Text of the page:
“I see. Well, not actually, but go on. Wait. Before you do, how did your father die? And when?”
“That took longer than I expected, but thank you anyway for your concern. My father never reached sixty, either.”
“Ah-ha! You live a fairly high life, my friend. Why aren’t you hiding out up there with your great uncle, perhaps reciting psalms?”
“Papa accidently shot himself in a rather personal area of his anatomy while out hunting with his friends, who said they’d honestly tried, but couldn’t find a way to attach a tourniquet.”
Rigby politely coughed into his hand, undoubtedly to cover a smile, and Gabriel just as politely ignored the gesture. “And before you ask, my grandfather, brother of the first duke, passed away peacefully in his sleep at the age of eighty-two. I think I’m safe, my only problem being that I’m now the sole heir of — to borrow from the Greek — that hypochromic hiding in his bedchamber, and his sixtieth birthday is fast approaching.”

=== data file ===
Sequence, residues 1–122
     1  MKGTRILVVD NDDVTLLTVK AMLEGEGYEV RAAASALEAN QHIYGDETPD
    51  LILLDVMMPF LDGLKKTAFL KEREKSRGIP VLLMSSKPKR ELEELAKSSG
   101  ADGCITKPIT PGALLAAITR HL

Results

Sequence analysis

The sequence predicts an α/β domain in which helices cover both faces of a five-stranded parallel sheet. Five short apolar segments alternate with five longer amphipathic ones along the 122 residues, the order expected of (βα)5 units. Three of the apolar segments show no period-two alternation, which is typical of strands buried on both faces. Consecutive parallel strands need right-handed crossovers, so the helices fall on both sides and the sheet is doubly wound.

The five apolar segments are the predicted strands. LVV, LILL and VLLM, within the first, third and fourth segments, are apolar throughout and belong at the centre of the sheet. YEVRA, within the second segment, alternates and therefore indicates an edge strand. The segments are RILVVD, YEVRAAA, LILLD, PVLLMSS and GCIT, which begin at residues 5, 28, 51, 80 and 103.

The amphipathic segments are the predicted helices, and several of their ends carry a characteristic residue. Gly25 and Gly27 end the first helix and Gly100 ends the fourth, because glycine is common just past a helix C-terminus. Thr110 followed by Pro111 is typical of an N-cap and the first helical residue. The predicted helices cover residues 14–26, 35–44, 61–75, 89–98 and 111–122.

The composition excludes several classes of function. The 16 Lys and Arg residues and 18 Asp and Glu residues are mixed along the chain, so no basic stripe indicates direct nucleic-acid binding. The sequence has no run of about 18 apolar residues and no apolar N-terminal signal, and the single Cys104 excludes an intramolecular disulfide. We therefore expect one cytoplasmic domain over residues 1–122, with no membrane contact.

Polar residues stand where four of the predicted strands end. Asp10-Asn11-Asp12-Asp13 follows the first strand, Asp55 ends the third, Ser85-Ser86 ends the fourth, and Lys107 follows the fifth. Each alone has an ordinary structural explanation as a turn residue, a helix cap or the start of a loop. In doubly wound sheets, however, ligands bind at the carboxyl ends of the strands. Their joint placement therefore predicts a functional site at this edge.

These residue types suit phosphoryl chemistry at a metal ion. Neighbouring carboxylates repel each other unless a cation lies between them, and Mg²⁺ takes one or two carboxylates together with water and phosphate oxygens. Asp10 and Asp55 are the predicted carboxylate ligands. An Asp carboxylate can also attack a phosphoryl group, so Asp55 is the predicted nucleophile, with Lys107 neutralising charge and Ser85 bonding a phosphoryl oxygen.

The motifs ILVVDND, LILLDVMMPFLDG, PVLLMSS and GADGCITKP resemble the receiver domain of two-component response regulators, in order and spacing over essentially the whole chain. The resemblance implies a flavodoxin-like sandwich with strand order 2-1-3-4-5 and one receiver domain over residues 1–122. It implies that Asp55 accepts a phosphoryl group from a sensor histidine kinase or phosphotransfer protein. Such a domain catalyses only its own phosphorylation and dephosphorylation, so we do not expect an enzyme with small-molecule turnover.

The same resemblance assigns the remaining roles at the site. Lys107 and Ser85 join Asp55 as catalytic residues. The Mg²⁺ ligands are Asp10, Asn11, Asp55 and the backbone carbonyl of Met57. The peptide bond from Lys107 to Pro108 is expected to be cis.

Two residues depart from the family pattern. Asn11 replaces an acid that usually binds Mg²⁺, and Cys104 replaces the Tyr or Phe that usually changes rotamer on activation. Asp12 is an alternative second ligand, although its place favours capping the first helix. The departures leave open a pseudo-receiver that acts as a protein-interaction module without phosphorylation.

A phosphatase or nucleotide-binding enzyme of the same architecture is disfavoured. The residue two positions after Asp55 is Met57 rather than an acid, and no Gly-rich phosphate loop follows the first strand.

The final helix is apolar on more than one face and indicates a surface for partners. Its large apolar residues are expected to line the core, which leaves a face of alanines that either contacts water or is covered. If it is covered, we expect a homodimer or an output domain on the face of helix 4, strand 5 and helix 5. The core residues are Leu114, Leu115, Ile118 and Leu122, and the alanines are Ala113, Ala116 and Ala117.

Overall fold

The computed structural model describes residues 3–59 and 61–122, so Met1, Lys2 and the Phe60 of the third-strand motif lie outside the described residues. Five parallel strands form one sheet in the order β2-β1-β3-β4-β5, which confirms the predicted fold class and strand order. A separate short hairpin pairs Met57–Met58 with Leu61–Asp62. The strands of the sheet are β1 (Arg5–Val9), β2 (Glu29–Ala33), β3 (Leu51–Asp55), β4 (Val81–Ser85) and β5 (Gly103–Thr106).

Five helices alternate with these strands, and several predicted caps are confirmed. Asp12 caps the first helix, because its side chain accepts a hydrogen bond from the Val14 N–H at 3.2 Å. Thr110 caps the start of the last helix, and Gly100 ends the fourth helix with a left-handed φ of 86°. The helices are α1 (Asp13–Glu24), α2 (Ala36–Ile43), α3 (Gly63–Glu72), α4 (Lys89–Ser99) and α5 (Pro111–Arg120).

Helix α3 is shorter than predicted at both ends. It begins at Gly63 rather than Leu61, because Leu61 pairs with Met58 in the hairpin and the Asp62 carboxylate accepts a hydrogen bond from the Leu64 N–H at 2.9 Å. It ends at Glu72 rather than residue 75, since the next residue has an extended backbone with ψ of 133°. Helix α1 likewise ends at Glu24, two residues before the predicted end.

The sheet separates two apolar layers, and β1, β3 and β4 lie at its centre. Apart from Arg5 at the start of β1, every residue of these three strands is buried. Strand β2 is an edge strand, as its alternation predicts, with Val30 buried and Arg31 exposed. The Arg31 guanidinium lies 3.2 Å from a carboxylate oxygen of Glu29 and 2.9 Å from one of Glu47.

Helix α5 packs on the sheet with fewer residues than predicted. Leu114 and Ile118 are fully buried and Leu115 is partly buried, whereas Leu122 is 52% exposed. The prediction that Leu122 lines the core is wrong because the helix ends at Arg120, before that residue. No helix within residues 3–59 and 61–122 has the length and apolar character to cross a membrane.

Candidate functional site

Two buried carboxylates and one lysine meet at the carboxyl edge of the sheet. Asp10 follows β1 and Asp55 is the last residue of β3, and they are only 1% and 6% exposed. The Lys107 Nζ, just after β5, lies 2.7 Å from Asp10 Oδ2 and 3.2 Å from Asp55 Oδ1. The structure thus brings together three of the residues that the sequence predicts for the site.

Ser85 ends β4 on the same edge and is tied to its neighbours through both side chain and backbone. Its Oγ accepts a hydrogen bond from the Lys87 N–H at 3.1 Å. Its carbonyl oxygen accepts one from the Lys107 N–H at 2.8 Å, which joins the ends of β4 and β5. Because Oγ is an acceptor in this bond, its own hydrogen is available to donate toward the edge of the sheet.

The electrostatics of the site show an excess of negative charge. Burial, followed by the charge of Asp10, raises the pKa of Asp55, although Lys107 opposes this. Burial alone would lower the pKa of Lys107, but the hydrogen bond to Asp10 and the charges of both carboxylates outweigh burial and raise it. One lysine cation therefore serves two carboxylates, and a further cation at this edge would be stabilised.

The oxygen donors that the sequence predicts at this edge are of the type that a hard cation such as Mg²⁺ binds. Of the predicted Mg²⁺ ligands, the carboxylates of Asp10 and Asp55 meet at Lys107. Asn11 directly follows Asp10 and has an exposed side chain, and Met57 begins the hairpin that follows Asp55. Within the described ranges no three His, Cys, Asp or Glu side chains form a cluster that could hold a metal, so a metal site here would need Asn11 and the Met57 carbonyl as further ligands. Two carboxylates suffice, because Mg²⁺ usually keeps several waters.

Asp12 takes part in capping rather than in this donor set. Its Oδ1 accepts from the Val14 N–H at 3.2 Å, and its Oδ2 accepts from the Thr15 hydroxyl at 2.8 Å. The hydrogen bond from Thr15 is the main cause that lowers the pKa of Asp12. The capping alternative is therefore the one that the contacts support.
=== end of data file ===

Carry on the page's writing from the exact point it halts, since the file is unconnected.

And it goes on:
“So are we here to plan a party to mark the day, or a funeral?”
“Neither. I received a note — no, a command — from Aunt Vivien, informing me of her return from America. I’m to meet her here because, God help me, she has a surprise for me.”
“Not a good thing, I take it?”
“That depends. Would you have liked to be, I’m fairly certain, the only child ever to have a stuffed lemur — grinning, mind you, and with beady glass eyes — in your nursery? I’ve also got, just to list a few, cowbells from Switzerland, a gondolier’s hat and pole from Venice, some sort of strange white coat — I refuse to call it a gown — from India. Oh, and a bull’s ears and tail from Spain. There was also a monkey, but, alas, the thing died on the voyage home. I would probably have liked the monkey.”